A crackling voice over the intercom says 6th floor. We head up. Stepping out of the elevator, we are greeted by our smiling host, who invites us into the flat that looks onto the Danube and the Buda Hills. The chicken paprikash is already cooking, the dough for the dumplings is waiting to be dropped into the water. We’ve booked a table in a pop-up apartment restaurant that we think you’ll enjoy too.
Our lovely hosts, Ferenc, Zsuzsa and their daughter offer us home-made pálinka as all the guests arrive. Two of the other guests – a young Italian couple – seem unsure of the 1998 vintage, but throw it back fast after they’re given a small history of pálinka, a strong Hungarian fruit brandy.
It’s the Italian pair’s first time in Budapest and its our first time at a pop-up apartment restaurant. But what is a pop-up restaurant exactly? Well, the thanks go to Cuba’s Fidel Castro – although he wasn’t the inventor. He simply banned “imperialist” private restaurants in Cuba, so people started to cook for each other in their homes. Later, they cooked for tourists as well, who were smitten with the idea and exported it. The legal service is increasingly popular in many European cities, including Budapest. The atmosphere is more intimate and home-like and it’s also a budget-friendly option. It also provide the chance to meet locals and find out more about the city.
While the Italian visitors are introduced to the miracle of Hungarian noodle making, we get a tour of the nicely decorated flat. It turns out that the family has only been running the pop-up named Eat & Meet since February. The husband works as a graphic artist, the wife is an accountant, while their child – somewhat fortuitously – has just started her new job as a gastronomical tour guide.
The idea of the home restaurant came from the daughter who opened a pop-up focusing on Hungarian specialities for Restaurant Day.
Eat & Meet wishes to become an ambassador for Hungarian cuisine in Danubius Street, so it primarily targets foreigners with a typical Hungarian menu, which always include a poppy seed or curd cheese speciality.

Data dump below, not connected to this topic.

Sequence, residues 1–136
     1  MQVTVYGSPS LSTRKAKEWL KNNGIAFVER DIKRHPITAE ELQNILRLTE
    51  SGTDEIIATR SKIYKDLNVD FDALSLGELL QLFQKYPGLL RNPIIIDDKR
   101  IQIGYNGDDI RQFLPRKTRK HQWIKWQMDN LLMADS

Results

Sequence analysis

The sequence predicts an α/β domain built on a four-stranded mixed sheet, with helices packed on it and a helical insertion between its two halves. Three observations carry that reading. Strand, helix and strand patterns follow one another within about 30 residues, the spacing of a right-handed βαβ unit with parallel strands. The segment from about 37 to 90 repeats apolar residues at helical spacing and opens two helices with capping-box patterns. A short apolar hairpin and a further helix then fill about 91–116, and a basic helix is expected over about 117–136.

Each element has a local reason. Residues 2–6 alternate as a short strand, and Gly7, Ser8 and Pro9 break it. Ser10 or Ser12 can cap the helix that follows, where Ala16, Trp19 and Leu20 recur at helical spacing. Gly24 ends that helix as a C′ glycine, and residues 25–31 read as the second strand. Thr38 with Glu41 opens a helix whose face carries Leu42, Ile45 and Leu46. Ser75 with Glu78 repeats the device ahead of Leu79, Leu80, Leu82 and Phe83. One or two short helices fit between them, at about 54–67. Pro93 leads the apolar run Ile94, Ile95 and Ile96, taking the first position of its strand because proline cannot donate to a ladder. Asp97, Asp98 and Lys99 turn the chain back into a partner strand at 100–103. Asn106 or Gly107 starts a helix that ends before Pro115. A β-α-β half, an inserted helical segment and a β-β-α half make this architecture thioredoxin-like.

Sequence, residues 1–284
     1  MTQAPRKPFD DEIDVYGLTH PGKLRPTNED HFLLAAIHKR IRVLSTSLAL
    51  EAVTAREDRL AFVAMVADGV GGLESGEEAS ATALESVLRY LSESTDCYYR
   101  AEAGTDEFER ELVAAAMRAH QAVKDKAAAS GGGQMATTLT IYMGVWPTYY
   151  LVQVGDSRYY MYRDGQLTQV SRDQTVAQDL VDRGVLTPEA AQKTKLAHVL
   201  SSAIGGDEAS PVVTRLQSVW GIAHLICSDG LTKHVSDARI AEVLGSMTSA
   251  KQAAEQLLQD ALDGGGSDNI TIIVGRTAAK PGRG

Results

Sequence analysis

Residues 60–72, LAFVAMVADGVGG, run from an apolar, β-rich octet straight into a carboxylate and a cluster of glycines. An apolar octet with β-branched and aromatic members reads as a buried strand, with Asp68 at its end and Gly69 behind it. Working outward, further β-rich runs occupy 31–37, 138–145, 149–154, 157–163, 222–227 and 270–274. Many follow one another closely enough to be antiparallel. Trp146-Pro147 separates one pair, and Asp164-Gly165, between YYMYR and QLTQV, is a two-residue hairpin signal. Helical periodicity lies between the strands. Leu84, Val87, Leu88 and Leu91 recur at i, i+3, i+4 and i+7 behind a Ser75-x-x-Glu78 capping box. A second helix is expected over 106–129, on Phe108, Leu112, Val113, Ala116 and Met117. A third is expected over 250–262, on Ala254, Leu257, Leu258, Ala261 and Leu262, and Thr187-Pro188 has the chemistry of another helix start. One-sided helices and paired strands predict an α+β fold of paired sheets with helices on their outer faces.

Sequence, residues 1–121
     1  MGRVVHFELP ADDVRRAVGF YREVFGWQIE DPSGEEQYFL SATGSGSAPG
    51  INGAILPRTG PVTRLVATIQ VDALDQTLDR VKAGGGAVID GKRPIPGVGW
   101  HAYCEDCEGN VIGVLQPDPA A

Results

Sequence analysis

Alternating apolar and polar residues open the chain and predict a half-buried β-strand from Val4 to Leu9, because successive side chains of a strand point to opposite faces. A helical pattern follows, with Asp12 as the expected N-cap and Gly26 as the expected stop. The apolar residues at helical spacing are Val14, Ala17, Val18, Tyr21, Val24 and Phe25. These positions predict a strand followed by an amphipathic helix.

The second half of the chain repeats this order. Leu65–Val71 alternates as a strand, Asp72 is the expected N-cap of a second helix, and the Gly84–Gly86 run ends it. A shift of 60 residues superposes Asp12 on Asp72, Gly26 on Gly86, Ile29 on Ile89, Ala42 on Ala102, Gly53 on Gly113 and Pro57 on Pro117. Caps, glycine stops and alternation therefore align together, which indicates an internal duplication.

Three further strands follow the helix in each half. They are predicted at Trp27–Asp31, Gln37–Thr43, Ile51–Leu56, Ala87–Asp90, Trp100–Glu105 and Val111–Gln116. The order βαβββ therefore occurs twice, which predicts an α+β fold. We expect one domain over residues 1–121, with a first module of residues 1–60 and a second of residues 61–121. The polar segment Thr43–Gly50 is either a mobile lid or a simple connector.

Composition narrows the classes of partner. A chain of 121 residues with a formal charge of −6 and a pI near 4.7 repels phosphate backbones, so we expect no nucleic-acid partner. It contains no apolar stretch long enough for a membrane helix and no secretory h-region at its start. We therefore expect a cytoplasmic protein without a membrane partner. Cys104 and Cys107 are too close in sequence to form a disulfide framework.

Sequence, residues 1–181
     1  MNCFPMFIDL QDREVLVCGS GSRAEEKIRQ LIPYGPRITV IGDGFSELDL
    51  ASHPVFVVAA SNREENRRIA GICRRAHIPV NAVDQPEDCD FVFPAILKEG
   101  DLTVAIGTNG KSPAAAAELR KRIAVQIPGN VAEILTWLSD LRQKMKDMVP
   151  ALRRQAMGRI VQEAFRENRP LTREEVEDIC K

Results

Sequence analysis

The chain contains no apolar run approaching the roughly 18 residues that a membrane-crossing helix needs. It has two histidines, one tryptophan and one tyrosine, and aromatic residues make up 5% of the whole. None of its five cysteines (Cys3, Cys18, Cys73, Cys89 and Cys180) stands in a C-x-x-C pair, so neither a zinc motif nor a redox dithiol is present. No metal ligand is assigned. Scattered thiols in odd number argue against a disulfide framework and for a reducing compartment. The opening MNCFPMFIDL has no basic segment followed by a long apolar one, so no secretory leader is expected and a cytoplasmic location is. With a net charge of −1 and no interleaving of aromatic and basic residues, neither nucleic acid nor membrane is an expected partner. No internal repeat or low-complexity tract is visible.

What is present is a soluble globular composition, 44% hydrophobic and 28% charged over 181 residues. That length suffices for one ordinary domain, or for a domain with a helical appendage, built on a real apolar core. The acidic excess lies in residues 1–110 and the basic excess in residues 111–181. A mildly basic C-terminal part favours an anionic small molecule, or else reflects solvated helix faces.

Every evening has special moments, they have seen a number of funny reactions to the food. One of the guests was shocked by the curd cheese noodles, another thought the family tried to drug him with the poppy seed cookie, and some Canadian guests loved the tomato soup with alphabet pasta so much that they wanted to cook it at home despite the ingredients being unavailable.
For us, the first course was egg soup, which we found to be delicious, followed by the aforementioned chicken paprikash with noodles – one of the Italians is a vegetarian so there’s a mushroom paprikash version as well. Food requests can be taken into account (vegetarian, vegan) as can food intolerances (gluten, lactose, nuts etc). The food is the kind that a Hungarian would get at their mum’s or grandmother’s and everyone at the table is nodding in approval.
For dessert there’s poppy seed and sour cherry pie, our Italian friends love it so much that they even take photos, since they have never eaten poppy seed before. The slices are so generous that by the end we’re stuffed.
With dessert we get Tokaji Furmint and you can also choose wine for your main course. Our hosts tell us about the history of the various foods and drinks plus the related traditions. As the warm weather arrives they’ll also offer open-air dining on the terrace, so guests can enjoy the exceptional view of Budapest in its entirety.
Considering the price-value ratio (the dinner costs 25 euros per person) Eat & Meet is one of the better value pop-up options. In some cases, professional chefs just move their restaurant into their living room along with the prices. Here, it is really a mum cooking traditional Hungarian dishes so you really feel like you’ve been invited over for a dinner party.